Add This IPO to Your 2012 Watch List
Back in September, I shared two companies that filed plans to go public – ones that could be standout performers when they finally debut.
Well, today, it’s time to add a third company to the list.
First, I suggest you get reacquainted with my five hallmarks of a “hot” IPO,” which I always base my determinations on.
With that in mind, here’s why you should keep a close eye on Demandware (Proposed Ticker: DWRE)…
At the Intersection of Two Double-Digit Growth Trends
Based in Burlington, Massachusetts, Demandware is a leading provider of software-as-a-service (SaaS) e-commerce solutions.
It allows customers to outsource all their e-commerce needs including designing, implementing and managing their e-commerce sites, mobile applications and other digital storefronts.
Big whoop? It is! Especially considering that the global retail industry accounts for roughly $12 trillion in annual sales, with the fastest growth coming from the e-commerce segment.
Since 2005, e-commerce retail sales outstripped overall retail sales, increasing an average of 17.3% each year versus 4.8%. And there’s no end in sight to this trend, either.
You see, online retail sales still only account for a small percentage (2.7%) of the total market. So there’s plenty of room to grow.
The problem for retailers, though, is that e-commerce is expensive.
Significant upfront costs for infrastructure and development exist. And then there are sizeable ongoing costs associated with maintaining and staying up to date on the latest e-commerce technologies.
But that’s where Demandware comes in. Its SaaS model lowers costs, reduces time to market and ensures customers are always using the latest and greatest technology.
Given such benefits, is it a surprise that companies are expected to adopt SaaS solutions like Demandware’s more and more?
Technology research firm, Gartner, estimates that the $21 billion SaaS market will increase by an average of 16.3% per year through 2015.
Even better, Demandware’s all-star customer list proves that the company is already starting cash in.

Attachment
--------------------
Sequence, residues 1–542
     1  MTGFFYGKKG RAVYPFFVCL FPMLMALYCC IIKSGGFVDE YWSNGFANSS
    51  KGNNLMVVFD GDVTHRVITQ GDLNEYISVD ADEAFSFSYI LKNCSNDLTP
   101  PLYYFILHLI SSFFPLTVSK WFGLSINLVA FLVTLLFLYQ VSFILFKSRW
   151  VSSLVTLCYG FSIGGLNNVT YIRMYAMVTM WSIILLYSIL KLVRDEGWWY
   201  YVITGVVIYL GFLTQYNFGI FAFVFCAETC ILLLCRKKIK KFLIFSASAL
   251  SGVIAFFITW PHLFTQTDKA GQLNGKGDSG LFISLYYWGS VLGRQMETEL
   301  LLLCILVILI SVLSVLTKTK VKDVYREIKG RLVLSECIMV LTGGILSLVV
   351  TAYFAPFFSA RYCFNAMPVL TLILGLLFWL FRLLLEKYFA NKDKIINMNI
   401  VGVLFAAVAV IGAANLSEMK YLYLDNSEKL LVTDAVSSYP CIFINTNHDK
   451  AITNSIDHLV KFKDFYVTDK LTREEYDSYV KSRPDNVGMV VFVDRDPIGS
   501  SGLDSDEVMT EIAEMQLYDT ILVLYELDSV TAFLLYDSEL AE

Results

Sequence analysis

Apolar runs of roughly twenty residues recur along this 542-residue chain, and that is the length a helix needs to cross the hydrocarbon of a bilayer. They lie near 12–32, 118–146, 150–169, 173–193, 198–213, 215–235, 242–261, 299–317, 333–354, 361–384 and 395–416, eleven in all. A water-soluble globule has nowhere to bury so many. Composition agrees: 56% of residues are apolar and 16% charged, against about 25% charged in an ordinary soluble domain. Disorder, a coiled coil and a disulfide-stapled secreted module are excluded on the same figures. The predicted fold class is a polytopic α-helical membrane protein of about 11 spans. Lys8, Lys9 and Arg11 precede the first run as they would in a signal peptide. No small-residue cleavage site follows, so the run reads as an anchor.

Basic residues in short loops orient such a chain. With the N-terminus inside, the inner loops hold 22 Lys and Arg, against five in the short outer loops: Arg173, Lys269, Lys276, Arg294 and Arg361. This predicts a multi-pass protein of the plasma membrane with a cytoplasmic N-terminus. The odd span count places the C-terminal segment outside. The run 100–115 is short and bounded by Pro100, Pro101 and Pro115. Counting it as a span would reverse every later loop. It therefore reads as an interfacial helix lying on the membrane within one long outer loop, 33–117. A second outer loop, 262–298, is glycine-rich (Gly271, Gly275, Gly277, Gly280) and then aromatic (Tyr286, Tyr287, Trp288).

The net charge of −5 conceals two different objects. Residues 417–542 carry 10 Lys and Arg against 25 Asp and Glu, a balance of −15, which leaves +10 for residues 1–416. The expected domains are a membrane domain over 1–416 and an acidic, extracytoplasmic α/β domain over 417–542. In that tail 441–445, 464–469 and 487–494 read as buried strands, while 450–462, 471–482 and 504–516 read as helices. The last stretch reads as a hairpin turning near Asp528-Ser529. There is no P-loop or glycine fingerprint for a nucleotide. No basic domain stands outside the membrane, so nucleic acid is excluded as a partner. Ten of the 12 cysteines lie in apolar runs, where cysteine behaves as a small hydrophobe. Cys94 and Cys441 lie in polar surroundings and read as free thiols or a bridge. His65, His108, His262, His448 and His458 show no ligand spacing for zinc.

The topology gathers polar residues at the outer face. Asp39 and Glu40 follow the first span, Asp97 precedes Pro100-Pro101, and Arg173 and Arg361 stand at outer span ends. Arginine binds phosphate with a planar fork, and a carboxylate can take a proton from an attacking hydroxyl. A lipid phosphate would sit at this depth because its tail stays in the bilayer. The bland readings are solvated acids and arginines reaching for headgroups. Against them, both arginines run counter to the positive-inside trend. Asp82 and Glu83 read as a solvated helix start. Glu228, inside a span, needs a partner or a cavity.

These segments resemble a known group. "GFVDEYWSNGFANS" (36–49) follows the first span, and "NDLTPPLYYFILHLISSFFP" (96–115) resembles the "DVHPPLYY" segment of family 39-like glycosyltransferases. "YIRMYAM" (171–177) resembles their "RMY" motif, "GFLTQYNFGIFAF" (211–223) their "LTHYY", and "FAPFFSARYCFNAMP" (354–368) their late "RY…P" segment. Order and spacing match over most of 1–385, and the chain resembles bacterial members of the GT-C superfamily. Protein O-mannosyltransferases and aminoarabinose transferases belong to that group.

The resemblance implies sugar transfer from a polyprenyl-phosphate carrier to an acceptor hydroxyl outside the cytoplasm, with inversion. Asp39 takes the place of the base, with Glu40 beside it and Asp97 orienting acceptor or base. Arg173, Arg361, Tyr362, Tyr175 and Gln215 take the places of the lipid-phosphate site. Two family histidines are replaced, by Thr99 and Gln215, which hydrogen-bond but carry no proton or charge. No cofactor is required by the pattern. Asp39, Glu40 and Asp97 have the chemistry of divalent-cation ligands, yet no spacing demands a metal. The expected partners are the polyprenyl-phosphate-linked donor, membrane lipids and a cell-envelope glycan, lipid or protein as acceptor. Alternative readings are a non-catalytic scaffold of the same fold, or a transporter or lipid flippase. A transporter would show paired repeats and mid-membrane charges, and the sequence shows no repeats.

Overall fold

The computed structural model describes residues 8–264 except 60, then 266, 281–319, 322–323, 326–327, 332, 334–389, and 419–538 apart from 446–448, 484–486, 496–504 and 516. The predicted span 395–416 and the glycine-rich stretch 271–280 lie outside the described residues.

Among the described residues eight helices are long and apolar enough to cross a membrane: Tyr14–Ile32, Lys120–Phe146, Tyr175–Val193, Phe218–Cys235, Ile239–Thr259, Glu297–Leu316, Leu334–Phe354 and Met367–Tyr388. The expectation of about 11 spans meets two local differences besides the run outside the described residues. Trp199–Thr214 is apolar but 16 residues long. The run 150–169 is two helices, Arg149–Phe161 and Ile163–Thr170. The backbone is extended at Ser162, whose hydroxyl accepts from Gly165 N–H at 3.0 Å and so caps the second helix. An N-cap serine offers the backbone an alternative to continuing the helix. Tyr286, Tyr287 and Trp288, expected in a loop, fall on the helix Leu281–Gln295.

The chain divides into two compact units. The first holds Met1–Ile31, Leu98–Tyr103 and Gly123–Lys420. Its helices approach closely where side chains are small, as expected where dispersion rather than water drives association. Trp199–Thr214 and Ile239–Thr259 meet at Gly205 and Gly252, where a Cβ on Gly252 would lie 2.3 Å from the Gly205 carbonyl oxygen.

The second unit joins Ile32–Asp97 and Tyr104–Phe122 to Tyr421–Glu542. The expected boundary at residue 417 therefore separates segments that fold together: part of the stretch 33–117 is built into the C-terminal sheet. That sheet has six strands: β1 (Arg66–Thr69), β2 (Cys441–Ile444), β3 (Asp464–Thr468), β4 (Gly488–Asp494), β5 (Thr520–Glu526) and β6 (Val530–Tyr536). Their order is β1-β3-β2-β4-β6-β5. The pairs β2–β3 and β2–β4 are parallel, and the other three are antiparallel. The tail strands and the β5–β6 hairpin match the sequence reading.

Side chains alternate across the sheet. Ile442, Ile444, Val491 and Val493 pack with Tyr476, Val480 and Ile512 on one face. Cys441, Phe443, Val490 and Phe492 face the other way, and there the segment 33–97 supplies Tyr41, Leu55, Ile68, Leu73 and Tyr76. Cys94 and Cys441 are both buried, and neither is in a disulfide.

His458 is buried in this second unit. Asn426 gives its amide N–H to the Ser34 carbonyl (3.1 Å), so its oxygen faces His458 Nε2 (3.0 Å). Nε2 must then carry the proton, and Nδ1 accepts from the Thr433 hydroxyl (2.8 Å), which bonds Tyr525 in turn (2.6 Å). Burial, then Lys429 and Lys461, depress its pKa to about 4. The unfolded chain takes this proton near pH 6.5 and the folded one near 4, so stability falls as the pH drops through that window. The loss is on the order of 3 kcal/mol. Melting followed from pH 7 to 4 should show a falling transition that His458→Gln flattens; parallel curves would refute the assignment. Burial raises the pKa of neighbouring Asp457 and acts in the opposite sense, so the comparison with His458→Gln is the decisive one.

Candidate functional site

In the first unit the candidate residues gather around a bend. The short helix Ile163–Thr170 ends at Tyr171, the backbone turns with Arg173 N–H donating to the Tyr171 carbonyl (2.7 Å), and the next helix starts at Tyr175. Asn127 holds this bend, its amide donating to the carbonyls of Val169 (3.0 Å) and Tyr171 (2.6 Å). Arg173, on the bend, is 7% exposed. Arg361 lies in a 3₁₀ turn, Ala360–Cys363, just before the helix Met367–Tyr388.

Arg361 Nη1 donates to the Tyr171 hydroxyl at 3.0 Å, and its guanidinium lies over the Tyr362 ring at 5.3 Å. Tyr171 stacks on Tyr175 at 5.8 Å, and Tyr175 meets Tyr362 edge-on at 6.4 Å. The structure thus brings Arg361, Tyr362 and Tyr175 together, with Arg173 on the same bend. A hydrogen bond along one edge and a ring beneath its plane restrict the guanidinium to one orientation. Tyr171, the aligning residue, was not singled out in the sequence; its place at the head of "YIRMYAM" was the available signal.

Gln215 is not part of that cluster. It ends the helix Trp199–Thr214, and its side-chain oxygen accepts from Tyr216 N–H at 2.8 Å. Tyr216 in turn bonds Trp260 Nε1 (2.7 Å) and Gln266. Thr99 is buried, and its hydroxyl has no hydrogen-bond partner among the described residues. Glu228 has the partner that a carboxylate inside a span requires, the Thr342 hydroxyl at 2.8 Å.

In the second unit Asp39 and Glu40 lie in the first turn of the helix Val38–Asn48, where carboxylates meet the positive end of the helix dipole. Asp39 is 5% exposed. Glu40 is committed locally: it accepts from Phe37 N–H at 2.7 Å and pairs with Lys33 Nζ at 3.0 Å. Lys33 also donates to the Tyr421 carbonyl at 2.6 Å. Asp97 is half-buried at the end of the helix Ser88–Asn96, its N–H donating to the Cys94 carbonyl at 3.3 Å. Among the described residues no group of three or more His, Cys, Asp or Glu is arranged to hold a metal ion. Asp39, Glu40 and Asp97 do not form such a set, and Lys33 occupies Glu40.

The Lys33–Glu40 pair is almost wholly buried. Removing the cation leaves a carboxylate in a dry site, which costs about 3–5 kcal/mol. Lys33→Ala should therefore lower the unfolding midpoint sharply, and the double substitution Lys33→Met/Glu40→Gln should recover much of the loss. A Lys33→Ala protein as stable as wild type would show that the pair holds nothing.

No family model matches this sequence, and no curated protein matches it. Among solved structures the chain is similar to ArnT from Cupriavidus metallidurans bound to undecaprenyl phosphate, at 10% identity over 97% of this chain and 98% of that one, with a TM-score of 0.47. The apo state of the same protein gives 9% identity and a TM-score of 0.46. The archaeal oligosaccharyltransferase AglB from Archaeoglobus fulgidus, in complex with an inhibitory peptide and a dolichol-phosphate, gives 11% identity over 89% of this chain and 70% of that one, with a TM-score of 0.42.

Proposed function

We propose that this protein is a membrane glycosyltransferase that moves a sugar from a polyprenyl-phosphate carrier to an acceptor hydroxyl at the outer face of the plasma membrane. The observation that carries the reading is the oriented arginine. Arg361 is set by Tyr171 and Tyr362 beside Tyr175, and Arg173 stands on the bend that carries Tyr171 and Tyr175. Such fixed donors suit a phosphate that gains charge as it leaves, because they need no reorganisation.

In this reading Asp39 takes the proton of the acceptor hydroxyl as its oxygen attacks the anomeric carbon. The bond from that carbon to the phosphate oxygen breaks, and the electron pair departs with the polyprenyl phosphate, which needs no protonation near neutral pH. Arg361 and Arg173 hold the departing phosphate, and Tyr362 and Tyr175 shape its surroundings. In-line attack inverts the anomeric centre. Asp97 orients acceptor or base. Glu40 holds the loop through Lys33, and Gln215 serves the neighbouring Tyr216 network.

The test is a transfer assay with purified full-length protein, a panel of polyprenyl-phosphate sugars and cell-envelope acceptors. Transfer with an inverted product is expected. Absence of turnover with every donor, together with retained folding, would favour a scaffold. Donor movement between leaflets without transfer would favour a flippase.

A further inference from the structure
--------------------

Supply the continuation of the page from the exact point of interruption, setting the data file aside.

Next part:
At the end of the third quarter, Demandware boasted 91 customers – up from 23 just three years ago – including leading retail names like Hugo Boss, Carter’s, Barneys New York, L’Oreal and Callaway Golf.
Three More Hallmarks of a Standout Performer
Now let’s evaluate the company based on my other criteria…
Demandware meets the age requirement. The company was founded in 2004, so it’s been around long enough to demonstrate viability. Keep in mind, that’s not something most IPOs during the dot-com days could say. The average IPO back then hit the public market at about four years of age.
The company (just) passes the trailing 12-month revenue threshold of $50 million, identified by researchers at The University of Florida as a strong predictor of future stock price performance.
And, in terms of profitability, Demandware is making progress. It swung from net losses of $25.1 million and $10.4 million in 2008 and 2009, respectively, to net income of $0.3 million in 2010.
Ideally, I’d like to see another year of profitability. But the company’s bottom line is clearly trending in the right direction.
The last criterion to consider, of course, is valuation. Because we don’t want to overpay for growth.
But we’ll have to wait until Demandware finalizes its IPO plans before we can determine whether the price is right. So for now, put Demandware on your “Hot IPO Watch List” for 2012. And stay tuned in for future updates.
Ahead of the tape,